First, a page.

Sarkar Movie Review
A sophisticated billionaire often ennobled as the corporate monster on the global panorama lands comes to Tamil Nadu for casting his vote only to realize that someone has made a bogus cast. What unfolds next is how his ambitious mission of bringing a revolutionary change leaves in combat with the reigning politicians.
There are a few things that stand out to be a hard-hitting quotient in Sarkar. Obviously, the first question anybody would ask upon a new entrant in politics is simple, the price tag of a vegetable. AR Murugadoss has very well projected the scene, where the protagonist reaches Ayodhi Kuppam to meet the people and he speaks about the Tomato. Absolutely, it’s a scene that looks partially reminiscent of Kaththi climax.
In the same scene, we find the justification behind the character being so much concerned about casting the vote. In such sequences, AR Murugadoss has done a neat writing that imbibes us emotionally. But there are few things that seem to be go wrong in the film’s narration. The biggest problem is that the first 30 minutes are really gripping and something completely exciting, but it fails to be the same in the aftermath episodes. In fact, the second half becomes more off drama, where Vijay fans might not get what they usually expect from him. It becomes preachier indeed, which even happens to be good, but in a few places. Well, AR Murugadoss had followed a similarly styled narration in 7am Arivu where he had played a risky bet of revealing major theme in first 20 mins and it became tougher to proceed ahead. The same comes occurs with Sarkar, where the conflict is seen by the 10th minute from title credits, but after some time, the narration drops down with momentum.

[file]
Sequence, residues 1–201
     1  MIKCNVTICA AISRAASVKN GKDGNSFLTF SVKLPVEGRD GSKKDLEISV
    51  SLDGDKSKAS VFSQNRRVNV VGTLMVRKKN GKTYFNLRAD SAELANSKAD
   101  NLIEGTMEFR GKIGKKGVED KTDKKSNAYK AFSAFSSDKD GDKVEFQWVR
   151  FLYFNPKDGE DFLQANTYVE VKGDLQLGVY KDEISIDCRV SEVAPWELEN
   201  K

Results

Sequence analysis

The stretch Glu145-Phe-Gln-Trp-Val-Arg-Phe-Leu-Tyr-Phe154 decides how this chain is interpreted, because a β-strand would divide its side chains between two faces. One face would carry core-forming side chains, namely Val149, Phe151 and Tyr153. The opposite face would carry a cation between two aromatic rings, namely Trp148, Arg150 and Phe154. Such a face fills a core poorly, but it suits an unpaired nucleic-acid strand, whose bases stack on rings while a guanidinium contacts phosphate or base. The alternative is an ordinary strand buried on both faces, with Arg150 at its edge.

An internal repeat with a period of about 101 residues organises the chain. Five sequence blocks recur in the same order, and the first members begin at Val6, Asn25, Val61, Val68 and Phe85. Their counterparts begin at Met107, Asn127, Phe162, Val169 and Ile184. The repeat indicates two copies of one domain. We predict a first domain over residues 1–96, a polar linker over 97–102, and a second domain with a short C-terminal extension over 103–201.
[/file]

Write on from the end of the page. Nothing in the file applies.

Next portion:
Yet another basic problem with the film is that Vijay’s character is showcased with terms as ‘Corporate Monster’, ‘Corporate Criminal’, “He will thrust empires into dust”, etc, etc… In all likelihood, we tend to expect some brainy fights with him, but except for the scene, where he does the YouTube promotion of ad, it all stops here. Then, it’s all about the routine brawny hero. But again, Ram Lakshman deserve the tons of appreciations for bringing the anger into action. The songs don’t capture much of our interest. AR Rahman’s BGM for few scenes are really awesome, especially the episodes involving Varalaxmi Sarathkumar are brilliant. Top Tucker happens to be a pure massive treat occurring throughout the film.
Keerthy Suresh’s characterization is completely wasted and she has nothing to do. Varalaxmi Sarathkumar gets a decent role to perform. Pala Karuppaiah is a showstopper here alongside Radharavi. Both of them just leave us in praises for them with their performances.
On the whole, Sarkar has its feast set for Vijay fans with AR Murugadoss bringing in a new theme of 49-P in election rules. This is something that has to be appreciated, but a stretch of dramatic moments makes it little middling by the second hour.